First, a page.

|Scientific Name:||Zosterops somadikartai Indrawan, Rasmussen & Sunarto, 2008|
|Taxonomic Source(s):||del Hoyo, J., Collar, N.J., Christie, D.A., Elliott, A., Fishpool, L.D.C., Boesman, P. and Kirwan, G.M. 2016. HBW and BirdLife International Illustrated Checklist of the Birds of the World. Volume 2: Passerines. Lynx Edicions and BirdLife International, Barcelona, Spain and Cambridge, UK.|
|Identification information:||c. 11 cm. Forehand and forecrown (to above eye) and lores black. Dark, slaty grey, bare, fleshy eyering with some tiny white white feathers visible at extremely close range. Upperparts from rear crown to back citrine. More olive on side of head, rump yellow-tinged olive-green. Upperwing-coverts olive-green, flight-feathers and tail feathers with yellowish olive-green edges and blackish tips. Chin and throat sulphur-yellow, upper breast pale grey, lower breast and bell white. White underwing-coverts. Iris dark red, bill black, pale flesh at base of lower mandible. Legs metallic horn. Voice Thin sweet warble, similar to that of Z. atrifrons but less modulated. Twittering chirrups heard from small moving flocks.|
|Red List Category & Criteria:||Near Threatened ver 3.1|
|Reviewer(s):||Butchart, S. & Symes, A.|
|Facilitator/Compiler(s):||Calvert, R., Khwaja, N., Martin, R|
This recently described species has a very small range in which habitat degradation is likely to be causing the population to decline. However, it is not known to be severely fragmented or restricted to few locations, therefore the species is classified as Near Threatened. Further information may lead to the species being uplisted in the future.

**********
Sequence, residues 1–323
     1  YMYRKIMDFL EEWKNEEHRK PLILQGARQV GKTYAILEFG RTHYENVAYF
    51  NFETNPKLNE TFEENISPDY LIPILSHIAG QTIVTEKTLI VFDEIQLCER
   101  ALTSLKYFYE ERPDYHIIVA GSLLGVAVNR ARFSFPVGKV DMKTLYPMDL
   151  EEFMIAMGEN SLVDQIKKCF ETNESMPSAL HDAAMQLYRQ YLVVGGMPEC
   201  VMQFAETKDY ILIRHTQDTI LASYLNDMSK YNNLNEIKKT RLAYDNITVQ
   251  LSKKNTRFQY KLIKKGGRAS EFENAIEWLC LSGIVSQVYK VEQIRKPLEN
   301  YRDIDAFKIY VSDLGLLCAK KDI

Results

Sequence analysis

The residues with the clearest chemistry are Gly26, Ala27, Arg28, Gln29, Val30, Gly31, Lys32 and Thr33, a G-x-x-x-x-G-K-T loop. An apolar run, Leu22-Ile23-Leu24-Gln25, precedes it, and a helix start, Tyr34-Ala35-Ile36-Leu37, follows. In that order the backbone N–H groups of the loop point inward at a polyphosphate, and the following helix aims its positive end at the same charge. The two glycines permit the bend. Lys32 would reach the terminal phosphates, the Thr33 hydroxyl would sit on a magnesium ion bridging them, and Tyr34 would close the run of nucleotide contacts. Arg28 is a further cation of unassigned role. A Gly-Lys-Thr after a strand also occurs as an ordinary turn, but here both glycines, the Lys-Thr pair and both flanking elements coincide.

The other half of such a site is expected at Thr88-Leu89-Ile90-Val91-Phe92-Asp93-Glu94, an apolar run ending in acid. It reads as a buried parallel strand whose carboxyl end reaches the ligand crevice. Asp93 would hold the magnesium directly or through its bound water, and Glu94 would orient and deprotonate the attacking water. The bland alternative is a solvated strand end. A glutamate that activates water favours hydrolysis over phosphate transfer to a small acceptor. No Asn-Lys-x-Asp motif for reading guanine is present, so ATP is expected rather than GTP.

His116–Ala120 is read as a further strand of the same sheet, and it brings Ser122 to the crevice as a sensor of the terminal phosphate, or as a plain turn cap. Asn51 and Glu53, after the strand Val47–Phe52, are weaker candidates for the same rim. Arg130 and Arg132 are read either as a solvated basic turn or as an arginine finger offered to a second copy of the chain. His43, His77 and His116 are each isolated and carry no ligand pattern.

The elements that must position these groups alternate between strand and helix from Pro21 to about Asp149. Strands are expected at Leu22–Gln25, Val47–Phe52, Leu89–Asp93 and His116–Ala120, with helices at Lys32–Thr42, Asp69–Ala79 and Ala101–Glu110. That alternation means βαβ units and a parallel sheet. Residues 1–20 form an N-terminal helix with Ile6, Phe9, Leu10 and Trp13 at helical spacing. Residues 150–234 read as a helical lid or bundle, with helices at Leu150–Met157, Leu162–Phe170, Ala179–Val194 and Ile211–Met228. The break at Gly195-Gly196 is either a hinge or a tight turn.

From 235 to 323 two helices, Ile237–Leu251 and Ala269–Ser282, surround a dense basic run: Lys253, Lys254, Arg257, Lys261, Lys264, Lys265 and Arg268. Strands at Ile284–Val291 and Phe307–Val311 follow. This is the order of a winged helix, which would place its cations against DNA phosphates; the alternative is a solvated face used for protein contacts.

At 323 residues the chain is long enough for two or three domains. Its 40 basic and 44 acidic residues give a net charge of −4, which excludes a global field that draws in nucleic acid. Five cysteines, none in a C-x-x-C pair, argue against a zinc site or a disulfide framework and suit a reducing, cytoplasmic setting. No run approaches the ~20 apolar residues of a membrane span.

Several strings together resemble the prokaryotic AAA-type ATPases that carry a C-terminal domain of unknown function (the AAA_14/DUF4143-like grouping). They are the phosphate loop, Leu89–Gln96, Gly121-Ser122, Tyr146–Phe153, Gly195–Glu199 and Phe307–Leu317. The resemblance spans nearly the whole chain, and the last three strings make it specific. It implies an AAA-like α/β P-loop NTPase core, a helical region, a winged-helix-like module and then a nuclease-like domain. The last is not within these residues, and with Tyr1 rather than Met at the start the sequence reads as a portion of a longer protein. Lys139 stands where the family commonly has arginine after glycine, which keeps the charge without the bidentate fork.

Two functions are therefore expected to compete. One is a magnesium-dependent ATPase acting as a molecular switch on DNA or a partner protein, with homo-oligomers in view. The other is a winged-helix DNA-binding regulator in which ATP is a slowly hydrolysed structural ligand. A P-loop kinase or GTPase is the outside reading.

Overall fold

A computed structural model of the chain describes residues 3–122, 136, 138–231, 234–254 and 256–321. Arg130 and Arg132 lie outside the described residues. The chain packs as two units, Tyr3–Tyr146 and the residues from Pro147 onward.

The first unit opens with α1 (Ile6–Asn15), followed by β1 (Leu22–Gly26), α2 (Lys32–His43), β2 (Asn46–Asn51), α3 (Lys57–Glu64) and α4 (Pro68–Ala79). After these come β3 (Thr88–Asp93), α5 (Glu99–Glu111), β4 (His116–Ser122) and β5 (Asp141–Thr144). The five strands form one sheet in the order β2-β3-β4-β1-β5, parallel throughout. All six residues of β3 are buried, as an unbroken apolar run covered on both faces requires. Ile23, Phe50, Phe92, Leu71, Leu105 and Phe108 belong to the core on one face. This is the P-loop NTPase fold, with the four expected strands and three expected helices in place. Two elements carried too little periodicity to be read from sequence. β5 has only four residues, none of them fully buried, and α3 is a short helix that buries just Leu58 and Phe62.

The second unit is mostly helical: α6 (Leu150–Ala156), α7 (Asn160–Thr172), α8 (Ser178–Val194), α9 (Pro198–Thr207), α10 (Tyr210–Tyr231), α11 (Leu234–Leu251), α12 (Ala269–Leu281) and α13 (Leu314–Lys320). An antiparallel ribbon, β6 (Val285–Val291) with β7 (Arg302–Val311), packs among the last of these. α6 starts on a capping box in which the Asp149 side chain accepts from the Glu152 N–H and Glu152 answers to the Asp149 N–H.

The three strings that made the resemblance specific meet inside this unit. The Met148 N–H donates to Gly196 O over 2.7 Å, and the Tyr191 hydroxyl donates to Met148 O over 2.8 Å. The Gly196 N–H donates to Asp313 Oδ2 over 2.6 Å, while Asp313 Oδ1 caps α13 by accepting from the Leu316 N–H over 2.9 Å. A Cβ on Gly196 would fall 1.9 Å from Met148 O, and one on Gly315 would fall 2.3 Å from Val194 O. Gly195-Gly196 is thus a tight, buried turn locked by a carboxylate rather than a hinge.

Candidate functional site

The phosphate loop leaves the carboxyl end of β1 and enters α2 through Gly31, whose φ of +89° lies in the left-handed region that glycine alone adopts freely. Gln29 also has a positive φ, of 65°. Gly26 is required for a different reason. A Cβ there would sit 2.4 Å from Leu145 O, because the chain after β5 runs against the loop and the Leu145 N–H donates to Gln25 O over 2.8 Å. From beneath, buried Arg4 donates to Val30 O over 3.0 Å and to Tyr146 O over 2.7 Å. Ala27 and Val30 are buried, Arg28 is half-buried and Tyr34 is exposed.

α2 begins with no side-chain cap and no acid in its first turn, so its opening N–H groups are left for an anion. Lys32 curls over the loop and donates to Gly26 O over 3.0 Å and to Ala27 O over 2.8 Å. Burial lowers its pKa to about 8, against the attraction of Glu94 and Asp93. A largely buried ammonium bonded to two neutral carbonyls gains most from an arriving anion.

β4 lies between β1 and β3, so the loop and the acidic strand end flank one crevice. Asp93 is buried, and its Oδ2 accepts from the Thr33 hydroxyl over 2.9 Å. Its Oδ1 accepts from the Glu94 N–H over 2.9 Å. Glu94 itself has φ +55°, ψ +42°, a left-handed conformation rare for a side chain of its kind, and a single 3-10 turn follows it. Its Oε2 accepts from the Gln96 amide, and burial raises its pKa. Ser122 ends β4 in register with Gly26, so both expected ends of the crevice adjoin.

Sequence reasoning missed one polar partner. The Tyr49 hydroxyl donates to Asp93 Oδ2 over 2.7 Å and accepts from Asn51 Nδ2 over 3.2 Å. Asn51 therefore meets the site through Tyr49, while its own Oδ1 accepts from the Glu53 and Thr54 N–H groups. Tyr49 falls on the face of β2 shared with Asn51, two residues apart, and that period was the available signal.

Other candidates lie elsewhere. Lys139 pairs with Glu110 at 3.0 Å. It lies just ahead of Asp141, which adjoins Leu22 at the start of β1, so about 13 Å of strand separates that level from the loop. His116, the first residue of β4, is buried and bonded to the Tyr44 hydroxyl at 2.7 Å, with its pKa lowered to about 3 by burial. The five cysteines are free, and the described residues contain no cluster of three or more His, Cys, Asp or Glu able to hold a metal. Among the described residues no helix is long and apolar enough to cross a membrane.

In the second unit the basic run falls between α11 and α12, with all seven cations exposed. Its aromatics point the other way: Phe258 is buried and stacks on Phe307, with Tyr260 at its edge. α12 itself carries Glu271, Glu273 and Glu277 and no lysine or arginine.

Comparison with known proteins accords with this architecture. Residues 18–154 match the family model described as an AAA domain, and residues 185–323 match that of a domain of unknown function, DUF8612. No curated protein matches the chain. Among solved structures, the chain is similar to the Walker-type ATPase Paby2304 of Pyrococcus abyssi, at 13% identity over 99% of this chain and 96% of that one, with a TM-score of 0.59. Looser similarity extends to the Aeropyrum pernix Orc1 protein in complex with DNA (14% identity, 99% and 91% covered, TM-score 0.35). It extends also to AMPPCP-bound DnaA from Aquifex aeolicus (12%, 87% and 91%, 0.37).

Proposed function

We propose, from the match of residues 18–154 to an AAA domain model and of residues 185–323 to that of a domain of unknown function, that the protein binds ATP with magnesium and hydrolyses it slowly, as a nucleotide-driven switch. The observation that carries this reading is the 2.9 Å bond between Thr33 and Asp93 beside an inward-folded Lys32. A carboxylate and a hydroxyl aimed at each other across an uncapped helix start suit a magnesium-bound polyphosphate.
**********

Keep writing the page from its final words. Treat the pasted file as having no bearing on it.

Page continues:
|Previously published Red List assessments:|
|Range Description:||Zosterops somadikartai is native to the Togian Islands, Indonesia. Its population size has not been quantified owing to its recent discovery, but is has been described as uncommon and localised, and the population is suspected to be declining owing to habitat destruction (del Hoyo et al. 2008, Indrawan et al. 2008).|
|Range Map:||Click here to open the map viewer and explore range.|
|Population:||The population size of this species has not been quantified but is has been described as uncommon and localised.|
Trend Justification: Population trends are not available for this species owing to its recent discovery, however the population is suspected to be declining owing to ongoing habitat loss (Indrawan et al. 2008).
|Current Population Trend:||Decreasing|
|Habitat and Ecology:||This species has been recorded in low bushes near mangroves, gardens, coconut groves, secondary shrub, and in logged-over forest from sea level to 100 m (del Hoyo et al. 2008, Indrawan et al. 2008, D. Indrawan in litt. 2010). It typically roosts in shrubs which are 5-15 m tall. Its diet is comprised of insects, including caterpillars, which are gleaned from branches and beneath leaves. It forages in pairs or small flocks of up to five individuals, often visiting dense, low shrubs (del Hoyo et al. 2008, Indrawan et al. 2008).|
|Continuing decline in area, extent and/or quality of habitat:||Yes|